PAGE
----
10. One of my most favorite and well used things I got in my hospital goodie bag was an apron. This small apron tied around my waist and was perfect for putting drains in. I found this to be the easiest and most useful especially around the house.

  11. Do not be surprised if you need help showering or need a shower seat. The first day I was able to shower I was so excited and ready to be clean. However, it took about 5 minutes of the warm water and my legs started to shake. I could barely wash my hair and I was exhausted. I did not have a shower seat but I wish I had! There are many mobility and durable medical equipment sites and of course Amazon is amazing for finding these types of things.

  12. One of the things I was warned about was not being able to go to the bathroom on my own and do all that goes along with it. This is mainly due to the limited mobility in your arms and the fact you can't really turn at the waist if you opt for the tissue flap surgery. Make sure you have someone at home with you that can help with those things, just in case. I did not have that issue with my type of reconstruction.

  13. One of my most favorite things I bought on Amazon was a small table. Amy recommended this as one of her favorite things too...I now know why. These small tables fold up and are a great place to put your stuff and food and the legs could slide under my bed or chair. My kids now use this table when they want to watch tv and eat a snack or if they are home from school and are doing virtual work.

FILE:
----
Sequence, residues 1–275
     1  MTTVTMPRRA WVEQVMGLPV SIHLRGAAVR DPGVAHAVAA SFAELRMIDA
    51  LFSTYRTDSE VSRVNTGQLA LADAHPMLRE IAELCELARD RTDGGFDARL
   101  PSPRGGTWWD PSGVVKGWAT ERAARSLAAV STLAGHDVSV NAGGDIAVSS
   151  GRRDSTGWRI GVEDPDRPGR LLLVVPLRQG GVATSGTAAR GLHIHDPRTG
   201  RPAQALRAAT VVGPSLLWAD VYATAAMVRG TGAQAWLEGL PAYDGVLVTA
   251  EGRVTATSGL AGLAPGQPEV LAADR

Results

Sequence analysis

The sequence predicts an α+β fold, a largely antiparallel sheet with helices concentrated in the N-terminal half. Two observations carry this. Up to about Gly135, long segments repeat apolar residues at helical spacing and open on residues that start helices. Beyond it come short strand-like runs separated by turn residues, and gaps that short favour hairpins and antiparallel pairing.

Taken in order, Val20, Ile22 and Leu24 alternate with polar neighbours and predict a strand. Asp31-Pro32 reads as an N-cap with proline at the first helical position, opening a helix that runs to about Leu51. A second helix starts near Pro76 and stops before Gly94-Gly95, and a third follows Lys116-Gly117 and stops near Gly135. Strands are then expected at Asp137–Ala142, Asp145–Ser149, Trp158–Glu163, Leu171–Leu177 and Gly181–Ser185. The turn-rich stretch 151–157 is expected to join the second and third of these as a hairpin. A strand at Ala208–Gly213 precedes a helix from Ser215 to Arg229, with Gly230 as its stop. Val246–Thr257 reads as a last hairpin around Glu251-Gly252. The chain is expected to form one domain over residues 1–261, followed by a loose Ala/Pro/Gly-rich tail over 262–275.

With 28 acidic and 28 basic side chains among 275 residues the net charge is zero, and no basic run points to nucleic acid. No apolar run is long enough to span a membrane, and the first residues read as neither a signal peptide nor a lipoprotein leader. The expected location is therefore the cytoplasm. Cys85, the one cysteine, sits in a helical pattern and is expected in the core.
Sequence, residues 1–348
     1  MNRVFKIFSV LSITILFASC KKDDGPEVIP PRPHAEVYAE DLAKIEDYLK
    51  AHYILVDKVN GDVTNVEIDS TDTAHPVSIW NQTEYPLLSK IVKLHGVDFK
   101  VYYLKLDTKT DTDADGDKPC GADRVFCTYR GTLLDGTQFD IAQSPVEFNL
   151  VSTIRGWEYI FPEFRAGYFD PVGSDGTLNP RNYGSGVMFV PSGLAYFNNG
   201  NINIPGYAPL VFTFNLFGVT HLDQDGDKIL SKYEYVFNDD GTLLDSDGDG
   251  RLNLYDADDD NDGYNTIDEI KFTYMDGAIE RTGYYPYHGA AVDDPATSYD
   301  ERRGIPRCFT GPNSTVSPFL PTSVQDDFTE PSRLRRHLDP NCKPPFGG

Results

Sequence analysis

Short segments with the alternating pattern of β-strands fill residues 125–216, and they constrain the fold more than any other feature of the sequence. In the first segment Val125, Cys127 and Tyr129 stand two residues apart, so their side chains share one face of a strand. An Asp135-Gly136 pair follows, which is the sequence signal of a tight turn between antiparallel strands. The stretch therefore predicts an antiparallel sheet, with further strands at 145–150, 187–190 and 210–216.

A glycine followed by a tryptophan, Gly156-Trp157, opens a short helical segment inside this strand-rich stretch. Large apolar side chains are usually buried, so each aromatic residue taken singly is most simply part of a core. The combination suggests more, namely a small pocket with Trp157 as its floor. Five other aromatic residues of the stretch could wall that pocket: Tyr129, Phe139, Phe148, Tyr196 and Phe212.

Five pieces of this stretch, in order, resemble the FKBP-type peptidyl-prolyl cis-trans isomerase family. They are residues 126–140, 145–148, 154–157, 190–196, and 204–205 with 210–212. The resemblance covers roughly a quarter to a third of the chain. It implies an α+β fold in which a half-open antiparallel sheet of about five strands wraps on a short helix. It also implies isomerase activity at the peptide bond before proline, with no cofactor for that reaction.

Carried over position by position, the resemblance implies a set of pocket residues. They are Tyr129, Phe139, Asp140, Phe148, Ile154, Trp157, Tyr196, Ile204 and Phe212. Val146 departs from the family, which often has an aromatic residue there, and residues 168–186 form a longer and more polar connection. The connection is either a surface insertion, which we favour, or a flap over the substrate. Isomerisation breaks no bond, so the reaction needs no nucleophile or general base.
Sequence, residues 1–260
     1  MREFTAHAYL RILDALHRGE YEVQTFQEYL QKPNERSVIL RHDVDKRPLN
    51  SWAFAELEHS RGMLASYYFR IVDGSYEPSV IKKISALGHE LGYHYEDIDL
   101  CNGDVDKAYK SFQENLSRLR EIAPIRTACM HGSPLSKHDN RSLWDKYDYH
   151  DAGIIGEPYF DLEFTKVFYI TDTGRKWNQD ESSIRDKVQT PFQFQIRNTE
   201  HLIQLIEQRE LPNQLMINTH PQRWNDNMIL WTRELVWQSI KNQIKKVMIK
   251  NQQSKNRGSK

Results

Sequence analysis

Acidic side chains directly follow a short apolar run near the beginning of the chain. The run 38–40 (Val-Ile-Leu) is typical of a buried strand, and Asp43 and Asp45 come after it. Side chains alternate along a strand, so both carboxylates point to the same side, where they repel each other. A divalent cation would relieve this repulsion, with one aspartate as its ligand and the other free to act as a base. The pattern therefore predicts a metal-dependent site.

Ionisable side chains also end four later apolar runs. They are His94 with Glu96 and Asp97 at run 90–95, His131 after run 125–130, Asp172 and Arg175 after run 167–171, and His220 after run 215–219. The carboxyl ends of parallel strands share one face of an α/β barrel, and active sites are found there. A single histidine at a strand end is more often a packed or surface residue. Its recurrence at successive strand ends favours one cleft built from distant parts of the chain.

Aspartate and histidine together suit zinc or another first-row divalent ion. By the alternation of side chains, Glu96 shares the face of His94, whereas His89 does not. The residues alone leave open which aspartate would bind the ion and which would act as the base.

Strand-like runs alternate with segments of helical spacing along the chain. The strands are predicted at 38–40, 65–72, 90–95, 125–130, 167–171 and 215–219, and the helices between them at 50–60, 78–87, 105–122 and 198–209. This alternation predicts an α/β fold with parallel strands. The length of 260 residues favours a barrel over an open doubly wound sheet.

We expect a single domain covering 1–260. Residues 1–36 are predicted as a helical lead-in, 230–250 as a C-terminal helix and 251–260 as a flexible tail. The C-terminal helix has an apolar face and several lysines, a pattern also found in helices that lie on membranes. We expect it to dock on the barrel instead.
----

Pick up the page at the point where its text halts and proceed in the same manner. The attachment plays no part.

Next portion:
14. I was blessed to have a hospital bed that moved me up and down and allowed me to be able to get out of bed fairly easy with help. However, for those that do not have a recliner or a hospital bed Amy recommended an exercise step which can be purchased at most sporting good stores. These can be used next to your bed as a step stool.

  15. Finally - I would encourage you to start taking a daily Colace a few days before surgery. Between the anesthesia and the pain meds, it will come to be your best friend. Constipation after any surgery is NOT fun and after this type of surgery it is even worse!

This picture was taken the morning after my double mastectomy in the hospital. As you can see even then my heart pillow was my best friend! You got this girl!!!

**Credit for much of the above information goes out to my dear friend and fellow survivor Amy Rodriguez.

***I do not get paid from the links shared above. I am linking the products that are most similar to the ones I used during my surgery for informational use only. Feel free to shop around for similar items.